After playing the matriarch of one of TV's most beloved crime families and a nurse who dabbled in criminal behavior, Edie Falco's arguing for justice for two of the 1990s' most notorious murder suspects – on screen and off.

"Law & Order True Crime: The Menendez Murders" takes creator Dick Wolf's venerable ripped-from-the-headlines TV franchise into actual non-fiction territory, exploring the infamous shotgun shooting deaths of Hollywood executive Jose Menendez and his wife Kitty in their Beverly Hills home at the hands of their two sons, Lyle and Eric Menendez. Falco portrays the brothers' protective, courtroom-shrewd and media savvy attorney Leslie Abrahamson, who introduced the controversial "abuse excuse" defense, which posited that the brothers were driven to murder their parents after years of emotional and sexual abuse.

It's a stance that, upon close inspection, resonated with Falco as she dug into the research to help bring the trial to life on television, and one that ultimately –- as she explained to a small group of press during NBC's press day for the Television Critics Association last month –- changed the way she looked at the much-publicized case.

Leslie Abrahamson was a very polarizing figure at the time. What was your take on her after studying who she was in real life and who she was in the media depiction?

Edie Falco: Well, she was polarizing in that she was not at all interested in giving the sound bites that people wanted. That she really was really unpopular for representing boys who looked like monsters, because of what the media was being fed.

Leslie had a sort of mothering effect on the boys, which was unusual given the tragedy they were involved in. What was interesting about figuring out how to bring that to life?

Well, I'm a mother, and this is an awful thing for kids to go through -– or anyone to go through. Of course the crime is one thing, but being on trial and just the niggling questions into their past and the unkindness by the opposing team. I think it's important to help these people show up with their best selves. And she took that seriously.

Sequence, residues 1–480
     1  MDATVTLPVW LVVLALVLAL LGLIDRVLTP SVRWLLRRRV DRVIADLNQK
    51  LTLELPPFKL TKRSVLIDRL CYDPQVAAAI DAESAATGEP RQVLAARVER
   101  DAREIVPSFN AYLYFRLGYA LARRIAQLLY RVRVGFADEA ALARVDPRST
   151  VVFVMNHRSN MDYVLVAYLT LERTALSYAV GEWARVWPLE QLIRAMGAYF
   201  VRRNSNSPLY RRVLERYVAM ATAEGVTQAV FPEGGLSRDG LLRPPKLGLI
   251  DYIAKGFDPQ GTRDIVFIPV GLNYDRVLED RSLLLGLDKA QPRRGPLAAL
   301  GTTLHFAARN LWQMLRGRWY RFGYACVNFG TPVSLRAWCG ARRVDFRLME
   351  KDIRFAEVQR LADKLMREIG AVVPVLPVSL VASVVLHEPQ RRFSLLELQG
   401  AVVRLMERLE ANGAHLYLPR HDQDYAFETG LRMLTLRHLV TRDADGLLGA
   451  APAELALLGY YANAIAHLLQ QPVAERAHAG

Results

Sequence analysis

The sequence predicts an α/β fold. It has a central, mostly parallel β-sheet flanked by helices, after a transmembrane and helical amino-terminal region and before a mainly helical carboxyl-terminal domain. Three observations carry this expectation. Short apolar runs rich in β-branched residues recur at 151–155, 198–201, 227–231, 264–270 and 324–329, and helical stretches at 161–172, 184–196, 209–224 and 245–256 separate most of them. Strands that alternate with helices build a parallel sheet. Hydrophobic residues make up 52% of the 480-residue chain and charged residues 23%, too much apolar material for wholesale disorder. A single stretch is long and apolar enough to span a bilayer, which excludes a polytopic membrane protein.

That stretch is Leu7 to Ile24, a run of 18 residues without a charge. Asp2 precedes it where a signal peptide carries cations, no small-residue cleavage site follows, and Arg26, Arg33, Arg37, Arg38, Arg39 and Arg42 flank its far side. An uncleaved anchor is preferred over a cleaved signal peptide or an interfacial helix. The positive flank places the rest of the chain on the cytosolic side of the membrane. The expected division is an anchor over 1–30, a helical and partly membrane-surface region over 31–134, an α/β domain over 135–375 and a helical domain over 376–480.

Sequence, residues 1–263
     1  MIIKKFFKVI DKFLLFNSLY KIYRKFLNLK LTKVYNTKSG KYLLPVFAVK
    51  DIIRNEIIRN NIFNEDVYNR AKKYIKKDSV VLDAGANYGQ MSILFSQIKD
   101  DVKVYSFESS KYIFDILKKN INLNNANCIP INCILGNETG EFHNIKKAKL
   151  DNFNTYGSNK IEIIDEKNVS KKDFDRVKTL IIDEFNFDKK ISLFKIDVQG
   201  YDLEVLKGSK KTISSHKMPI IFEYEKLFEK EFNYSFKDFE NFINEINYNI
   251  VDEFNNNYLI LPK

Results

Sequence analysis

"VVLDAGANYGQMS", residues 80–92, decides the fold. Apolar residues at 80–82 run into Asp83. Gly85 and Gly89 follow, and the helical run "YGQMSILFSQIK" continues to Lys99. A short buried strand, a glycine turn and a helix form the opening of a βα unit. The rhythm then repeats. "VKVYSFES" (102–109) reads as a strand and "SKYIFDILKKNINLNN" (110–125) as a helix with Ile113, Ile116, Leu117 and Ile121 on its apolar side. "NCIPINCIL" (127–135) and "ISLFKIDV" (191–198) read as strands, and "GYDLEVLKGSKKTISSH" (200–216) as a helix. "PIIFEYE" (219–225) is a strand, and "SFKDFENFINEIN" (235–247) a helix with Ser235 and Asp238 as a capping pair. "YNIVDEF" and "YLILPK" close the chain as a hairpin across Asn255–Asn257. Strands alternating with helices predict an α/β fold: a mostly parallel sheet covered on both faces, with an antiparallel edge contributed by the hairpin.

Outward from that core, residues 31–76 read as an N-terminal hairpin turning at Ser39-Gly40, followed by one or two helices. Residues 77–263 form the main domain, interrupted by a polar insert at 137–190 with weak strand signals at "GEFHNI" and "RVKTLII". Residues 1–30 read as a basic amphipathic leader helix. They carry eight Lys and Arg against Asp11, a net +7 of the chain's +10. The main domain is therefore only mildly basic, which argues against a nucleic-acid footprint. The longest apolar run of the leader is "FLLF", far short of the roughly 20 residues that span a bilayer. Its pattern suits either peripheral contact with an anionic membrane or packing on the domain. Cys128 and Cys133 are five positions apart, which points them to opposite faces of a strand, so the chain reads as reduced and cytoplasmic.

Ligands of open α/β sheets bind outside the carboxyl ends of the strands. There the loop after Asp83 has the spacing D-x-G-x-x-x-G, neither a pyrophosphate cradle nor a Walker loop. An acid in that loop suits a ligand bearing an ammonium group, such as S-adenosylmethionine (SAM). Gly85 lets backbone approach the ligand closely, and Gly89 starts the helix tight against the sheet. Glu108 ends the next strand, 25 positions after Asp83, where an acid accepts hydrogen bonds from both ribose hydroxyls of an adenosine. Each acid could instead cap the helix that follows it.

Did you do a lot of research, or watch tapes of her in action in court?

Yeah, there was a ton of stuff out there. Even though this took place pre-YouTube, there's a ton of information on her, yes.

What did you admire about her as a professional?

That she took her job seriously, and she didn't always have to believe that her clients were innocent. It was irrelevant to her. Her job was to prove them innocent until proven guilty. And she took it very seriously, and I respect that. It was not about how other people perceived her or how they perceived her clients. It's that she was going to at least make sure that according to the law they were given a fair shake, and I respect that.

She was also great in front of the media.

Yes, yes, she was, I think she sort of enjoyed it and she became friends with them, and she knew their names and she knew how to ask for some space when she needed it. I think she knew how to befriend them so that she didn't make them an enemy, because that would have been disastrous.

How closely did you follow the case at the time it was happening?

It was all in the background. It was, also, I didn't have the interest in it that I have now, and I didn't realize that the main people who watch these things are women. And I'm very curious what that's about. That's another discussion, but anyway, I'm among them, the fans of this crime genre.